MOGADISHU â€” Somali warlords are destroying Muse Suldan’s dream to be a teacher.
The 12-year-old often flees Mogadishu and misses school to escape gunbattles between rival militias. Like a generation of young Somalis, he has never known peace or lived under a formal government, growing up in anarchy after strongman Mohamed Siad Barre was ousted in 1991.
“I have never seen a government but I hear that it brings peace,” Suldan says near his former school in northern Mogadishu. “We are always fleeing from fighting. If there was a government, I would be attending school.” Children â€” as well as women â€” in the Horn of Africa country of 10 million people have borne the brunt of 15 years of chaos.
Civil war, disease and famine have caused hundreds of thousands of deaths in Somalia.
Although an interim government was formed two years ago in neighbouring Kenya, internal divisions have hampered its ability to control powerful warlords and rebuild schools, hospitals and other much-needed infrastructure.
Most children in Somalia do not attend school, because the majority are privately owned and too expensive.
Children from poor families rarely get the opportunity to study â€” many end up begging.
With his feet bare and rags clothing his body, 10-year-old Shuaib Abdullahi believes, however, there is no need for a government in Somalia.
Begging for food and money in Balidogle airport, 110 kilometres south of Mogadishu, he says government will not affect his life â€” he will still be destitute and hopeless.
“[A government] will not change my life so it’s irrelevant,” he says. “It has never helped me and I don’t think it’s important at all.”
`Craving’ to be a warlord
Abdullahi Aideed agrees, but for different reasons. Life is good amid the lawlessness, said the 17-year-old, who was born and raised in Mogadishu â€” Africa’s most anarchic city.
“I don’t want a government,” Aideed says near his house in Tarbuunka, a famous square in Mogadishu’s Hodan district. “I’m happy to live like this. If someone does anything to me now, we finish the issue there and then… He either dies or I do.” Warlords in Somalia attract youth, who make up the majority of militia members, with meagre pay, free meals and the amphetamine-like khat plant to chew.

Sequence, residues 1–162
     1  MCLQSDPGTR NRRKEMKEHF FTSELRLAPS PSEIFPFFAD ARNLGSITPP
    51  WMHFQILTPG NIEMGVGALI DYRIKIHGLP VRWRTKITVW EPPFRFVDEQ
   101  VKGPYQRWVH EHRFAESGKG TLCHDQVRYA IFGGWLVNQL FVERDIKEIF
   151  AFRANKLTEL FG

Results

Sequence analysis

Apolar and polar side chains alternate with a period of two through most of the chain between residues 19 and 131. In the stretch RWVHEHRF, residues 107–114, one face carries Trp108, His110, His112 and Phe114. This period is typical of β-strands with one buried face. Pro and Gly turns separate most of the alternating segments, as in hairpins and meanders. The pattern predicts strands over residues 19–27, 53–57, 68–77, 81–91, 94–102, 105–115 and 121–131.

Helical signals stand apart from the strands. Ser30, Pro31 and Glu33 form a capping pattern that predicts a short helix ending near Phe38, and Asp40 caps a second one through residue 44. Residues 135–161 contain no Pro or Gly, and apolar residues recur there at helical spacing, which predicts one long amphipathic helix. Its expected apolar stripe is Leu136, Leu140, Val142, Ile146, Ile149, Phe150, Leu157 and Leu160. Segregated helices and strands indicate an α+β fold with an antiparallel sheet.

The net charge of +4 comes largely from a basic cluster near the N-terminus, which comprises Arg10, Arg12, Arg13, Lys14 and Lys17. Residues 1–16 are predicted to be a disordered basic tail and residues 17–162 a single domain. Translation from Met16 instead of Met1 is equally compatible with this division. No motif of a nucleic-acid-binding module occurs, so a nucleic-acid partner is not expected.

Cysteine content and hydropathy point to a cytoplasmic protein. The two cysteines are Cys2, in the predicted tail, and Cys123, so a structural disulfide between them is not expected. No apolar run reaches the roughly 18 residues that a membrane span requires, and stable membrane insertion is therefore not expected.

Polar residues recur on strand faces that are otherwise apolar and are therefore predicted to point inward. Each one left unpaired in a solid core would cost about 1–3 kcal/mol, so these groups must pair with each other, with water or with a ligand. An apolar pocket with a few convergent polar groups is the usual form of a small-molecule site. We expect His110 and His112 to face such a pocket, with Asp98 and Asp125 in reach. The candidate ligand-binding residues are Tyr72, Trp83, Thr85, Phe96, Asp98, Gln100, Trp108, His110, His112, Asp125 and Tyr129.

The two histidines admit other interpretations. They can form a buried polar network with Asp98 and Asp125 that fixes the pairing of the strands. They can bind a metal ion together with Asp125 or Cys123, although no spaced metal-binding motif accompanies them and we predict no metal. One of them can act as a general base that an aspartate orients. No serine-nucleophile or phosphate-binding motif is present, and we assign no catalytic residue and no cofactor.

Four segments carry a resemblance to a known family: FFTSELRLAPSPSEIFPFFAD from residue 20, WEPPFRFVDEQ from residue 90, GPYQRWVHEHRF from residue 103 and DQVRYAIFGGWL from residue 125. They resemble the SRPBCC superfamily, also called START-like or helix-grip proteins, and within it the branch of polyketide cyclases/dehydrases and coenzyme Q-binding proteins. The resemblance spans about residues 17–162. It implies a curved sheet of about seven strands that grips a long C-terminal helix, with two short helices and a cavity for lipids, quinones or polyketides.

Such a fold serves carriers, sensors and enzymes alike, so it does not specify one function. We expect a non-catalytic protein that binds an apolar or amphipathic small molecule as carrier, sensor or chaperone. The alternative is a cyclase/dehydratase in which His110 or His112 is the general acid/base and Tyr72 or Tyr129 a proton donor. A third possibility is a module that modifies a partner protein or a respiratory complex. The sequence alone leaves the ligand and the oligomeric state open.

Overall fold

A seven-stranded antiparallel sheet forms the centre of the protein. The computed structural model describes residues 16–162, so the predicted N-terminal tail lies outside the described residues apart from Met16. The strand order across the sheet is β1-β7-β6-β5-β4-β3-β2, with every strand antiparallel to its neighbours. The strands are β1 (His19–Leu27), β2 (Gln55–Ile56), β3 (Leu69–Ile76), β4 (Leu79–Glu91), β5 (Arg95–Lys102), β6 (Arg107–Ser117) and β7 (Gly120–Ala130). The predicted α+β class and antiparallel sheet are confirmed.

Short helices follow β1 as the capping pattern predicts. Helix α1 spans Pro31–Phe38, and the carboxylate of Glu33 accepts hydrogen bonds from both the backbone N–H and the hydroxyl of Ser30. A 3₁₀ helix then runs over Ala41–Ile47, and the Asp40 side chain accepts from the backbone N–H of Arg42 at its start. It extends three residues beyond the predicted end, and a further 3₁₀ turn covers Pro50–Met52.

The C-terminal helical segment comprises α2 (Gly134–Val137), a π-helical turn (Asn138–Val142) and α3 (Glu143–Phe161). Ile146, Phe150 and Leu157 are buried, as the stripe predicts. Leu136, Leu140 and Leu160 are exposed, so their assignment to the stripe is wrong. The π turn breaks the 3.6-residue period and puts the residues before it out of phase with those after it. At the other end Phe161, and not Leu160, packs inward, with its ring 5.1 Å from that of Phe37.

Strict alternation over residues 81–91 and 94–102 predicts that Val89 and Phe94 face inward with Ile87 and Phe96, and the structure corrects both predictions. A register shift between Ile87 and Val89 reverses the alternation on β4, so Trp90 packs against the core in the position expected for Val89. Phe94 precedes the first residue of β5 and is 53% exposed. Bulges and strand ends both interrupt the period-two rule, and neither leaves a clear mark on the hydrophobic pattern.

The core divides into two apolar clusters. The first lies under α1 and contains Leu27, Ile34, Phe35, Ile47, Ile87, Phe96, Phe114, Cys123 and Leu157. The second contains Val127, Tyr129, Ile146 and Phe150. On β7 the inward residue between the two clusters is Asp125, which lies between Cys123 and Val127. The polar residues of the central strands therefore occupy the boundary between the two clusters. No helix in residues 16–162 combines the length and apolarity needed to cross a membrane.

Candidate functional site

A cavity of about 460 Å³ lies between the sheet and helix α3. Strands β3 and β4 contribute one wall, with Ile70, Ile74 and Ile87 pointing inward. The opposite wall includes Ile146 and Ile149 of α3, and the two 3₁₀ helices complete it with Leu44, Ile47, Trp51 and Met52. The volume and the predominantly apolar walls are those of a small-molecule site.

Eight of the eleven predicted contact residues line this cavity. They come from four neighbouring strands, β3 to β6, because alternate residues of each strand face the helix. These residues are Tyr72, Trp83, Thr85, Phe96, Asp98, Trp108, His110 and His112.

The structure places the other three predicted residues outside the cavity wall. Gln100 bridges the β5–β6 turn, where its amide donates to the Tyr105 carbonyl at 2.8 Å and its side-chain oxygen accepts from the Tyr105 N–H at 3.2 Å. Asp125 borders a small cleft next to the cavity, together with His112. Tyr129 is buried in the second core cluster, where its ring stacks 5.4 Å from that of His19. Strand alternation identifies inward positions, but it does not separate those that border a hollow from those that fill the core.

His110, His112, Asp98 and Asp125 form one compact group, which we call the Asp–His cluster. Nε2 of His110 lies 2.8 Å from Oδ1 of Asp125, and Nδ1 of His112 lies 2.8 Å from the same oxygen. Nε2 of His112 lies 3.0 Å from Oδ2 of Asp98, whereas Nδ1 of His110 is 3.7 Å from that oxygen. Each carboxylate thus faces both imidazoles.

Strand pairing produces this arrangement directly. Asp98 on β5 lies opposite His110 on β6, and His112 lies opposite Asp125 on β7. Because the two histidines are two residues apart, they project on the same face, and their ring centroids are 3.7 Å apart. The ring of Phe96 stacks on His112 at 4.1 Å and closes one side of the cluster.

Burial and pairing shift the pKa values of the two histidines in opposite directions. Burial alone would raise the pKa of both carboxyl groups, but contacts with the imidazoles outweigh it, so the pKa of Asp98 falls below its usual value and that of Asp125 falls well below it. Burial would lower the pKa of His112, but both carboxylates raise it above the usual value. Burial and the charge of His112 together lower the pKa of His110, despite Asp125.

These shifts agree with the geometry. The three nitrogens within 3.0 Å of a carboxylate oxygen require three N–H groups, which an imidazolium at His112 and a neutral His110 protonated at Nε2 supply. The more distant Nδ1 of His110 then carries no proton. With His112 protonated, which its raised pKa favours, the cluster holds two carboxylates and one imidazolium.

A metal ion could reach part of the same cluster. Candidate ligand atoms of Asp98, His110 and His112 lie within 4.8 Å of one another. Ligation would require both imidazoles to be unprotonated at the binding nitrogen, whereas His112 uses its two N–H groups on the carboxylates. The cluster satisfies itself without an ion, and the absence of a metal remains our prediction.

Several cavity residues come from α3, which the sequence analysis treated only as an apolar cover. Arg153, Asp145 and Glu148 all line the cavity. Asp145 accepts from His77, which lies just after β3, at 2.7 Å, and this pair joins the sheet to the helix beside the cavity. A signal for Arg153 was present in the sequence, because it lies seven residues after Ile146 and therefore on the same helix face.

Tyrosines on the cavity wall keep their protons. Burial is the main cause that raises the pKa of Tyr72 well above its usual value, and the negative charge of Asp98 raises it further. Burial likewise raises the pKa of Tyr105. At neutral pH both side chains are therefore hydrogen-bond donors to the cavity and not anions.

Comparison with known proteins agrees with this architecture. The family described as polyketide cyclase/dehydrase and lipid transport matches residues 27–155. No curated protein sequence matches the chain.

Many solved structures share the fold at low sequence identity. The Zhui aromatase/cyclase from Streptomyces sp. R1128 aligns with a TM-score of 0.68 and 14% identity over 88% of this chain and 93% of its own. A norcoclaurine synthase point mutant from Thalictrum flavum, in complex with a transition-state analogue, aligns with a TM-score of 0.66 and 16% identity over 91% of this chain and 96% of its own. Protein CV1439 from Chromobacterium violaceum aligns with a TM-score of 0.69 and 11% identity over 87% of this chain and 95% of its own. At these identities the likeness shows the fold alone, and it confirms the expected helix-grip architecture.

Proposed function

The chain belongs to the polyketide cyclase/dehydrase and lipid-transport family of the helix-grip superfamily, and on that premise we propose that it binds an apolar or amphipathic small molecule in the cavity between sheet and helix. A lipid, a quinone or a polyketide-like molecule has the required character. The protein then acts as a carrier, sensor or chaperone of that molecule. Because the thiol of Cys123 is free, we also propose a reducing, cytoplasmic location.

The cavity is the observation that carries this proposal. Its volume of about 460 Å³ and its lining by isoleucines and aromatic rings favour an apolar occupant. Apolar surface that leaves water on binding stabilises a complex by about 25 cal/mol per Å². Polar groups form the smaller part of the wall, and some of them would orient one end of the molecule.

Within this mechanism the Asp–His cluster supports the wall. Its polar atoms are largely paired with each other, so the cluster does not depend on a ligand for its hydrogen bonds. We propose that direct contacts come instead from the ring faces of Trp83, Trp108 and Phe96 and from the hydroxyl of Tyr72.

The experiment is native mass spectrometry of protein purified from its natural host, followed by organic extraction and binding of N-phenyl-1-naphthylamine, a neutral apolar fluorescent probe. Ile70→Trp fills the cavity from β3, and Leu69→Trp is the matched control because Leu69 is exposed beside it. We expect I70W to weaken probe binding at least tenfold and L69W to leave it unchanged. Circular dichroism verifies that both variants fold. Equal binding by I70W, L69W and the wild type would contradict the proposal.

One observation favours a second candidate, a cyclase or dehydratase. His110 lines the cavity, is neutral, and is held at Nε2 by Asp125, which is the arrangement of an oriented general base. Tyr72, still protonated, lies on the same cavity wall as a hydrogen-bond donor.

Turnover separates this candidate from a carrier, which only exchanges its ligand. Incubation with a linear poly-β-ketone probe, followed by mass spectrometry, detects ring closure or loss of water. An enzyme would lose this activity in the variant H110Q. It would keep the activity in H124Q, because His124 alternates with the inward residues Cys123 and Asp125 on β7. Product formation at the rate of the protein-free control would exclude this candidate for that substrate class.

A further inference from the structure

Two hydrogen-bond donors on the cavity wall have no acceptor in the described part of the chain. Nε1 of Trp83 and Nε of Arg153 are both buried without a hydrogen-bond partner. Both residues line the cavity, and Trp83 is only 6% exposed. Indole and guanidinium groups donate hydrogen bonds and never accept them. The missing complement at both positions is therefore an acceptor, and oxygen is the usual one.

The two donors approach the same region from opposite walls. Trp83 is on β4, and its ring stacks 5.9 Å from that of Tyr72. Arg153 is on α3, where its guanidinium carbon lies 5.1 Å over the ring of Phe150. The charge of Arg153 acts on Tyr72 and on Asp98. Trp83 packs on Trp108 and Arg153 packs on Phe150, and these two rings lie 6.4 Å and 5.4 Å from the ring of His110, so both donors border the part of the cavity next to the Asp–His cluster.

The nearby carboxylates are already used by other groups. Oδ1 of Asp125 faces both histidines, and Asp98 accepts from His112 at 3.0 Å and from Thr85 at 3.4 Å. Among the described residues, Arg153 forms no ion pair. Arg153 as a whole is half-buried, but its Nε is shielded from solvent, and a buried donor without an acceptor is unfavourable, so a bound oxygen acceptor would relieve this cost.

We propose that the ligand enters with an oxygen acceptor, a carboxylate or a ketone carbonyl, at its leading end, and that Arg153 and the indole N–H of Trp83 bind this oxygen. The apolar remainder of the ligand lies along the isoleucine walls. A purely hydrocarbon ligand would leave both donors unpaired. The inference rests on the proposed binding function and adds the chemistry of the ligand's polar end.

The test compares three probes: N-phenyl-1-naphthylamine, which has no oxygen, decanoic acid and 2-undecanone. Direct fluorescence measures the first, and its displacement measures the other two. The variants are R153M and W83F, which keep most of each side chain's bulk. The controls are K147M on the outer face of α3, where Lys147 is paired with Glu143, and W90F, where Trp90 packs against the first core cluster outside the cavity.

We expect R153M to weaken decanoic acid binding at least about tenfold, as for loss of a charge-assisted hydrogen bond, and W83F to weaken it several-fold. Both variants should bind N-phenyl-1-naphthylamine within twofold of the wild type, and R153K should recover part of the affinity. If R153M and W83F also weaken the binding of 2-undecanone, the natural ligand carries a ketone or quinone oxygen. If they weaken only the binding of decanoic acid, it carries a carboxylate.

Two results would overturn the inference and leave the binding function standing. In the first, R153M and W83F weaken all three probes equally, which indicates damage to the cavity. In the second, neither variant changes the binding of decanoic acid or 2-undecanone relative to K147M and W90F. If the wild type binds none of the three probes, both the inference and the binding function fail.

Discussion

Many leaders in the interim parliament, which has been meeting recently in the southern Somali town of Baidoa, are former and current warlords.
The current manifestation is Somalia’s 14th attempt to establish an effective central government.
Straining under the weight of an anti-aircraft gun, Dahir Adan, 17, says the only way to escape poverty is to rise through the ranks and become a warlord. He has never attended school.
“I crave to be a warlord and have my own juniors, it’s only then that I can help my family,” Adan says in Baidoa.
Some youth say they are tired of frequent gunbattles and long for a time when law and order, not the gun, rule.
“There are so many thieves and murderers,” says Khalid Bashir, 12, who narrowly escaped death last year when 14 people were killed in an assassination attempt against Prime Minister Mohamed Ali Gedi during his first visit to Mogadishu.
“I want a government that can destroy all these bad people,” Bashir adds.
Hibak Ahmed, 12, who together with her two sisters were wounded when a mortar hit their house nine years ago, says she simply wants to feel it out first.
“I am not sure whether I need it, but I just need to see it,” the tall, slim and one-eyed Ahmed says.